It’s that time, we go from being saddos to the ‘go to guys/girls’ for info; the papers even pay attention to cycling for a week or two; Viktor hates it but watches every stage and Dave Brailsford is spending a lot of time in church praying for ‘Froomey’s’ form to come good… yes, it’s Tour time. But before the first low pro rolls off the ramp in Dusseldorf – incidentally, ‘the sixth most “liveable” city in the world,’ strangely we couldn’t find Kirkcaldy on the list.
VeloVeritas will be bringing you a word or two each day about the greatest annual sporting event on earth.
We’ll be going over for the middle week and will try to give you a good flavour of what it’s all about.
Never mind, here’s the ‘who we think will do what’ for the 2017 Tour de France:
ARU, Fabio, Italy and Astana: missed the Giro through injury so he’ll be fresh – he rode a surprisingly good Dauphine and then won the Italian Elite Road Championship.
Whilst winning the Giro or Vuelta by no means you can win le Tour the Sardinian has been second in the first and won the latter.
His head will be good after the Dauphine and with those red, white and green bands around his chest.
Astana are a wily bunch and a podium seems highly possible; especially with Fuglsang’s blooming – they’re in an ideal position to play ‘the old one-two game’ with their rivals.
BARDET, Romain, France and AG2R: was second last year, displaying real panache.
He was good but not amazing in the Dauphine but his management and coach will have everything geared to those ’23 Days in July.’
AG2R is a strong squad with good management and Bardet seems to handle the pressure of an expectant French Media well – he could just win it.
CHAVES, Esteban, Colombia and Orica-Scott: podiums and stage wins in the Giro and Vuelta remind us of this man’s talent but this year has been compromised by a knee injury.
He rode the Dauphine and ‘got round’ – but being a slightly built rider he won’t need the kind of workload some of his more robustly built rivals need to gain form.
Watch for him in the last week – top 10, maybe?
CONTADOR, Alberto, Spain and Trek: Viktor reckons he’s ‘milking it’ for the pay cheques but he’d obviously forgotten the last stage of Paris-Nice where ‘Bert’ showed why he’s one of the greats with a show of aggression which just failed to win him the race.
He was second too in the Ruta del Sol, Catalunya and Pais Vasco, so erecting that headstone is perhaps a tad premature.
In the Dauphine it looked like he’d done what he had to do before he sat up to finish 11th overall.
Given the way his opposition have been riding a podium is certainly possible.
FROOME, Christopher, GB and Sky: we’re puzzled, what happened to the Sky mantra that if you’re riding preparation races, you’re as well riding them to win?
Fourth on GC in the Dauphine is as good as it’s been this year – but like Greg Lemond and that dude from Plano would tell you, there’s only three weeks in the whole year which really matter.
We wonder if he’s trying to finish the season with more gas in the tank?
The Vuelta is still a saddle burr for the man.
But this review is about the Tour of France, not Spain and with his experience and team it would be unwise to regard him as anything but the number one favourite for final victory in Paris.
And Dave Brailsford needs him to win, real bad…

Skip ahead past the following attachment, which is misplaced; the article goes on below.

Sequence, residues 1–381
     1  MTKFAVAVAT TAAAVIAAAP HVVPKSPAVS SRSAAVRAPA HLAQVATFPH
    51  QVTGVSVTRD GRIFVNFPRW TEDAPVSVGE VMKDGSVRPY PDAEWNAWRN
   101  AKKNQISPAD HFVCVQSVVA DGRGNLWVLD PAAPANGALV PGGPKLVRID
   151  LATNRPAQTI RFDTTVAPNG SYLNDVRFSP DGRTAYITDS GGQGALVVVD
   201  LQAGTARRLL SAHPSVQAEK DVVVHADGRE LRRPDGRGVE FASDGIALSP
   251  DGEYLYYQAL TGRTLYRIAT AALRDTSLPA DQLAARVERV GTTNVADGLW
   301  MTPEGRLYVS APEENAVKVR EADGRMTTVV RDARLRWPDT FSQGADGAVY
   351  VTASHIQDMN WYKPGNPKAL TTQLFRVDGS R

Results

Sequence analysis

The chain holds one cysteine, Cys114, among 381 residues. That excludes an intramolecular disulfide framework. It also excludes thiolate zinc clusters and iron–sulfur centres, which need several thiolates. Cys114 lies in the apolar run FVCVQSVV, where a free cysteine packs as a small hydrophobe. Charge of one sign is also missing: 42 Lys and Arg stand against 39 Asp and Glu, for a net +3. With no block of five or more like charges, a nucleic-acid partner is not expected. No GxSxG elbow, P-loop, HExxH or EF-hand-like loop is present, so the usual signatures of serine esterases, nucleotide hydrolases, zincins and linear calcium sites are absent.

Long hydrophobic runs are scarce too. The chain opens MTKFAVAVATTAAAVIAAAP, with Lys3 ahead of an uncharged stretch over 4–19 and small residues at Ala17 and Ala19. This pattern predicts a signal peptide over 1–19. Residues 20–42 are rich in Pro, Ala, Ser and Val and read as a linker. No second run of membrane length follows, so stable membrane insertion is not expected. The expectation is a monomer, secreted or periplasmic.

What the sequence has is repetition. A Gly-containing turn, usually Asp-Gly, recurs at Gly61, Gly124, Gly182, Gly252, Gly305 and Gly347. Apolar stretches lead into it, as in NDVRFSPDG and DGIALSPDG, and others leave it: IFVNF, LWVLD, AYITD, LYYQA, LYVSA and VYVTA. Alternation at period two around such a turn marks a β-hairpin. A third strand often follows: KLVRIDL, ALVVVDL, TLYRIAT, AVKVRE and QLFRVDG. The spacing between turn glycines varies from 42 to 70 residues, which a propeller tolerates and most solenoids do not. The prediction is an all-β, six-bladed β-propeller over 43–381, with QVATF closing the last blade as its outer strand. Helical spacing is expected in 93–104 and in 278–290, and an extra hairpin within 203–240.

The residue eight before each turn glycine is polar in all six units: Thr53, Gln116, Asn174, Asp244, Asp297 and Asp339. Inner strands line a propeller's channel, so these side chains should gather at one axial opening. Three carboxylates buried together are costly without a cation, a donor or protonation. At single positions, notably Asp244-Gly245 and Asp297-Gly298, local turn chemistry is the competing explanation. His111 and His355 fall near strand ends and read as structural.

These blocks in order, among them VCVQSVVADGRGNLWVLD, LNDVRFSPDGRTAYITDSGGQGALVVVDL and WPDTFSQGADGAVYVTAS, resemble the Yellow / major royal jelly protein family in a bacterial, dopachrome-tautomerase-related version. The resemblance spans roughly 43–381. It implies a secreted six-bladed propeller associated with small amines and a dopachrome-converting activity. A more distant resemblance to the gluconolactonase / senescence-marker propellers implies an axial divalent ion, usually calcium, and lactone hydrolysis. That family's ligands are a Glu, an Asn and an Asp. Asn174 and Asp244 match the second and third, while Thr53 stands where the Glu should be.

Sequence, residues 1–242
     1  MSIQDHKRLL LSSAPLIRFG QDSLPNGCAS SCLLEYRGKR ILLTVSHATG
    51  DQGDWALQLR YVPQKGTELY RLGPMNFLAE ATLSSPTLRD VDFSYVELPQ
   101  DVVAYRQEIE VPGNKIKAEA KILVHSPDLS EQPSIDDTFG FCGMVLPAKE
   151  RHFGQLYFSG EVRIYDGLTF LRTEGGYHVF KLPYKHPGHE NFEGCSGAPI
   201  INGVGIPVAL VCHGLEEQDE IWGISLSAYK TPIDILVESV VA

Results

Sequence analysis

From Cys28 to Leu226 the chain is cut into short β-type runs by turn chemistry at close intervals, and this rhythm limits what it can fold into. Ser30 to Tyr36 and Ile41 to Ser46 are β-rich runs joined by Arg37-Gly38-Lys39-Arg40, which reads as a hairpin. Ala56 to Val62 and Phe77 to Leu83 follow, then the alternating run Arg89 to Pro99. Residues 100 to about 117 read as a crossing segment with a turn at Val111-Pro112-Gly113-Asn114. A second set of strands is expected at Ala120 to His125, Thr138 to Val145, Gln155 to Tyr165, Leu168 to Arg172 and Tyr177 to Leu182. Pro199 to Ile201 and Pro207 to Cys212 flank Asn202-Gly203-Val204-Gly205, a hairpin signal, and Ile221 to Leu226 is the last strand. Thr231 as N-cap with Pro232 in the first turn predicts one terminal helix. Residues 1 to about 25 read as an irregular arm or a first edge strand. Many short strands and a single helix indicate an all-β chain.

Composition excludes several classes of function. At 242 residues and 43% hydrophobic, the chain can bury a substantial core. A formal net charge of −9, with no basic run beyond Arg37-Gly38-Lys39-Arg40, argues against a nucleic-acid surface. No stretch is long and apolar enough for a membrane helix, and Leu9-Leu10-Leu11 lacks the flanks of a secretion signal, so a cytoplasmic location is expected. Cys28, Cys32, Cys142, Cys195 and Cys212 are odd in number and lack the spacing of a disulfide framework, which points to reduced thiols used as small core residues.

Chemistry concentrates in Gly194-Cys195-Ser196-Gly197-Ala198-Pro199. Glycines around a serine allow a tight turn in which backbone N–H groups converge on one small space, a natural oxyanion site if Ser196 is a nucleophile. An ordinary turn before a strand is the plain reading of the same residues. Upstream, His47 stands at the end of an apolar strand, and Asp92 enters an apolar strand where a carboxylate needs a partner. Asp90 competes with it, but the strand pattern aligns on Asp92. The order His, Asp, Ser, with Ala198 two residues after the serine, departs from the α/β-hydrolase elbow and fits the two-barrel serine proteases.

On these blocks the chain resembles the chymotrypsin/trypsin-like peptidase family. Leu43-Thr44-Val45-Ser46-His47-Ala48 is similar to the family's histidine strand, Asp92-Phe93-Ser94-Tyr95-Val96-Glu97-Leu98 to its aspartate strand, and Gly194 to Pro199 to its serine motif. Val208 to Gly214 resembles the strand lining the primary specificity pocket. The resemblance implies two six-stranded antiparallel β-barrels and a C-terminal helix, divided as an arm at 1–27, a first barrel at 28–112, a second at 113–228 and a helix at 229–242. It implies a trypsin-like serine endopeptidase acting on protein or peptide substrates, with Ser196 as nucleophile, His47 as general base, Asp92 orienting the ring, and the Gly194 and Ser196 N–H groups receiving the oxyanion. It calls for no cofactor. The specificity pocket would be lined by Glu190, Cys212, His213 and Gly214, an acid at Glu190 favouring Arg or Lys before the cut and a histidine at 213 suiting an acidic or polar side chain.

FUGLSANG, Jakob, Denmark and Astana: his Dauphine win was pure class, nothing less.
With Aru he gives the Kazakh squad the ability to play tactical games with their rivals – but can he withstand three weeks of pressure?
MAJKA, Rafal, Poland and Bora-Hansgrohe: he’s been on the Vuelta podium, can climb with the very best, won Slovenia and was second in California.
We say top 10 at least.
MARTIN, Dan, Ireland (via Birmingham) and QuickStep: he can’t win it but a podium is perhaps possible; he too can climb with the best and whilst his team will be ‘all for Marcel’ on the sprint stages, they’re pure quality and he’ll be as well looked after as all but the very best – except in the big mountains.
MEINTJES, LOUIS, Republic of South Africa and UAE: top 10 in the Dauphine and there when it mattered we just wish we could move him out of our, ‘just difficult to drop’ file…
PORTE, Richie, Australia and BMC: he won the Tour Down Under, Romandie but was then mugged in the Dauphine.
He’s come on well year on year but his Grand Tour podium stats tell a story – nil.
He always contrives to fall off/miss the move/puncture at the wrong time – the podium? maybe; the win? no.
QUINTANA Nairo, Movistar and Colombia: despite the Media telling us prior to ever Grand Tour in which they compete together that Valverde will stab him in the back, it’s never happened – and it’s unlikely to happen in this Tour.
But where has the little chap’s ‘sparkle’ gone?
Yes, he’s won the Giro and the Vuelta; and did look like a Tour winner in waiting – but much less so now.
Like Stephen Roche says, maybe he needs to ride a Grand Tour to ‘warm up?’
There’s a Giro in those little legs already this year and lots of terrain to suit; let’s see what he can do.
VALVERDE, Alejandro, Movistar and Spain: his form in the spring was stunning; he was hardly beaten with the Fleche/Liege double shining like a beacon.
He took time and came back for the Dauphine where he loosened his legs with ninth overall.
With Quintana, Movistar have tactical options aplenty and it’s not hard to imagine them both back on the podium.
YATES, Simon, GB and Orica: sixth with a stage win in the Vuelta last year; he was 13th in the Dauphine and second in Romandie – but he’ll have to do Chaves bidding if the little Colombian rides how he’s capable of.
Top 10 surely possible though.
And tomorrow’s winner?